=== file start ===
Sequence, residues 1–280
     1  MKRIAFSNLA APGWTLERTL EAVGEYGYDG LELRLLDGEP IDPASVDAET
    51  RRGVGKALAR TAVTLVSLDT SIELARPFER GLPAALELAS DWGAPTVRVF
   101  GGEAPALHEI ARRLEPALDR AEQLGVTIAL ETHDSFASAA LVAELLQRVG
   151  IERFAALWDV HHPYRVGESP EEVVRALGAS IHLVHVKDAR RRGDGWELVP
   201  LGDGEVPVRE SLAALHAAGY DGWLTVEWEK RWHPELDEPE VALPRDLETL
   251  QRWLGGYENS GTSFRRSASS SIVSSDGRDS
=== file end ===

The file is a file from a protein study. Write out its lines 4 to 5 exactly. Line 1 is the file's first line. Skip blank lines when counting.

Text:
   101  GGEAPALHEI ARRLEPALDR AEQLGVTIAL ETHDSFASAA LVAELLQRVG
   151  IERFAALWDV HHPYRVGESP EEVVRALGAS IHLVHVKDAR RRGDGWELVP